Placing the Mat
Playing Area:

The green surface upon which bowls are delivered is called the playing area.  Playing areas consist of either natural or artificial grass.

Playing Area

A support structure is placed at the edge of the playing area, which forms the side of the ditch closest to the surface of the green.  The top of this board ideally sits at the same height as the playing surface, but as a green ages there may develop slight differences.  Slowly moving bowls at times come to rest against the plinth rather than enter the ditch.


The total of the differences in a player's score over a series of games is known as a plus/minus. In the illustration the player won by 7 in the first week of competition and therefore had a plus/minus of 7. In the second week he lost by 5, hence the plus/minus dropped to 2. In the third week he won by 9 and the plus/minus jumped up to 11. This process will continue with the plus/minus changing after each game in the series. Comparing the plus/minuses of various players is a way of breaking a tie when two or more players have the same number of points in an on-going competition such as a ladder.

Plus Minus

Special purpose bowl polish can be purchased in tubes and sprays.  Polish not only brightens and restores the surface of bowls but also adds a tackiness, which helps players to grip bowls especially in damp or slippery conditions.


Many clubs have a mechanical device, which can be used to clean and polish bowls.  Clean bowls may run more smoothly.  It is important not to put "polish" as described above on bowls prior to putting them in the polisher!


A port is an opening between two bowls that is large enough to allow another bowl to roll through it.  The space between the blue and black bowls in the illustration is a port that an additional bowl could roll through to reach the jack.

Position Delivery:

One strategy employed by skips is to request a player to make a delivery, which will position a bowl to the advantage of the team.  The desired position could be as a wick bowl, a blocker, a matched bowl, or perhaps a backest bowl.   In the illustration the skip of the black team might strategically want to have a bowl lying behind the brown bowls even though the black team is lying three shots.  The worry is that if the jack is knocked back then the brown team might end up counting four.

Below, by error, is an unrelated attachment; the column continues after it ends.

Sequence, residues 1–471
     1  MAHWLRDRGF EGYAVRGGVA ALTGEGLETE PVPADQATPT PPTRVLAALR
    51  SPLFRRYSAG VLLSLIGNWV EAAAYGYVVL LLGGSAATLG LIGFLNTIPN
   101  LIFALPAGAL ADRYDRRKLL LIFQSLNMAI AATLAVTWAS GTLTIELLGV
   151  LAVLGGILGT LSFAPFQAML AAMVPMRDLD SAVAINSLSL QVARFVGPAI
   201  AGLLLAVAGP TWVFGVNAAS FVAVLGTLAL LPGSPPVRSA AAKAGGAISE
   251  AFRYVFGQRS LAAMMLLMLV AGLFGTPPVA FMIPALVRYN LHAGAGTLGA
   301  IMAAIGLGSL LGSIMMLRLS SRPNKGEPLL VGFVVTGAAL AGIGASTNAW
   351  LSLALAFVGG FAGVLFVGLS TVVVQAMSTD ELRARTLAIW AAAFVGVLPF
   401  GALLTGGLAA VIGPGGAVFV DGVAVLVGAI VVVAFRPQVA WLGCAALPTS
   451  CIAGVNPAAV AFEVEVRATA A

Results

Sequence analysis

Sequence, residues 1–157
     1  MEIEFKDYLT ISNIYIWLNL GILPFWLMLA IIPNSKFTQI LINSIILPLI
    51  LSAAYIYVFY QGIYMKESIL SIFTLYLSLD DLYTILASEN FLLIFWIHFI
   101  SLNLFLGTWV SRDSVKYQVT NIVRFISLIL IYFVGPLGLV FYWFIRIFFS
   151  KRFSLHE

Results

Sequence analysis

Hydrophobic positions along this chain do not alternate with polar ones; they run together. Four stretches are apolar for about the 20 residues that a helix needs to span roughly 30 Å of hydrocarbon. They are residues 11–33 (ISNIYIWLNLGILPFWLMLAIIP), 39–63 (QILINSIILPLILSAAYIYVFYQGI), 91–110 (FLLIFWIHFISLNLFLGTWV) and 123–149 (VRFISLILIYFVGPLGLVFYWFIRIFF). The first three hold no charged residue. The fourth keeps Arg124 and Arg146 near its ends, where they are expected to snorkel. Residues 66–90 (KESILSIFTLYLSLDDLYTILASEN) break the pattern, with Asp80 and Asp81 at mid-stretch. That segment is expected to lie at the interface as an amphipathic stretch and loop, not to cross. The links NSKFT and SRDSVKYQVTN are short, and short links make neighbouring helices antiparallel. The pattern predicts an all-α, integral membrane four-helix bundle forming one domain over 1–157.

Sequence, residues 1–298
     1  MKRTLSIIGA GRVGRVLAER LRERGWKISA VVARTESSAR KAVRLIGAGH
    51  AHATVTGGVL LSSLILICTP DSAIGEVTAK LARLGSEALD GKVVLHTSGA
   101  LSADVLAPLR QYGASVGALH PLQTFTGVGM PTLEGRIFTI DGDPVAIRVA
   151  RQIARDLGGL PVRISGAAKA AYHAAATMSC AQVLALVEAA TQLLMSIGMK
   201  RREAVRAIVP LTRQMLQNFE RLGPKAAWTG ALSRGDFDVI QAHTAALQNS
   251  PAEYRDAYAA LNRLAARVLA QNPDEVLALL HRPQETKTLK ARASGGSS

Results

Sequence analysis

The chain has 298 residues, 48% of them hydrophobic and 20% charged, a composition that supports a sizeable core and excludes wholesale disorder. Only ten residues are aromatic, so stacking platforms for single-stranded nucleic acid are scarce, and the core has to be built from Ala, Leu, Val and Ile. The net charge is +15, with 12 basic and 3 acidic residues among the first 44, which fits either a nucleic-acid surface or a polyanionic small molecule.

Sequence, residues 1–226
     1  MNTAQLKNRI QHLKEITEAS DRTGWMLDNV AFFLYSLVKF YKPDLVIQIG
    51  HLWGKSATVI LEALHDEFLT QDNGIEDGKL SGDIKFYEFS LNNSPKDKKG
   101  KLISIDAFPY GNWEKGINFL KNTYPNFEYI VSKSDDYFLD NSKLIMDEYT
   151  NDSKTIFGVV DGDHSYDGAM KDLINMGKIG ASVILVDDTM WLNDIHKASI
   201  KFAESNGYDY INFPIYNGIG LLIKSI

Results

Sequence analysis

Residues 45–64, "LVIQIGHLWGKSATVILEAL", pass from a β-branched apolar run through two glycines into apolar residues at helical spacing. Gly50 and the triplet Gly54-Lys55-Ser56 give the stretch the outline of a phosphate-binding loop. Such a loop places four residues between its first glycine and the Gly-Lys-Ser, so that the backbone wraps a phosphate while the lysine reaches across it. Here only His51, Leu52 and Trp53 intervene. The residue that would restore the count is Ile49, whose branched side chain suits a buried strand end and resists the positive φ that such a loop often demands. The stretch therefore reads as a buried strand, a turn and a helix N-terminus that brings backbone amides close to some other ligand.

Position Delivery

A shot intended to move another bowl closer to the jack is trying to promote that bowl.  The indicated red bowl is attempting to promote the second red bowl towards a closer position to the jack.


A wheeled tool used to collect the bowls when an end is finished is called a pusher. A pusher is also known as a rake.  The lead of the team that failed to score is usually the person who collects the bowls using the pusher.  All team members can help to line up the bowls for the lead.

Pythagorean Estimate:

A quick way for skips and vice skips to estimate which of two bowls is closer to the jack is to take advantage of the Pythagorean relationship in triangles with right angles.  By standing a short distance away from an imaginary line joining two bowls and looking along a second imaginary line to the jack that meets the line joining the bowls at a right angle, it can quickly be approximated that the bowl lying closest to the right angle formed by the two lines is also closest to the jack.  In the example shown the red bowl is closer to the jack than the blue bowl based on this method of estimation.  To determine more exact distances a measure should be actually taken after all bowls have been delivered.

Pythagorean Estimate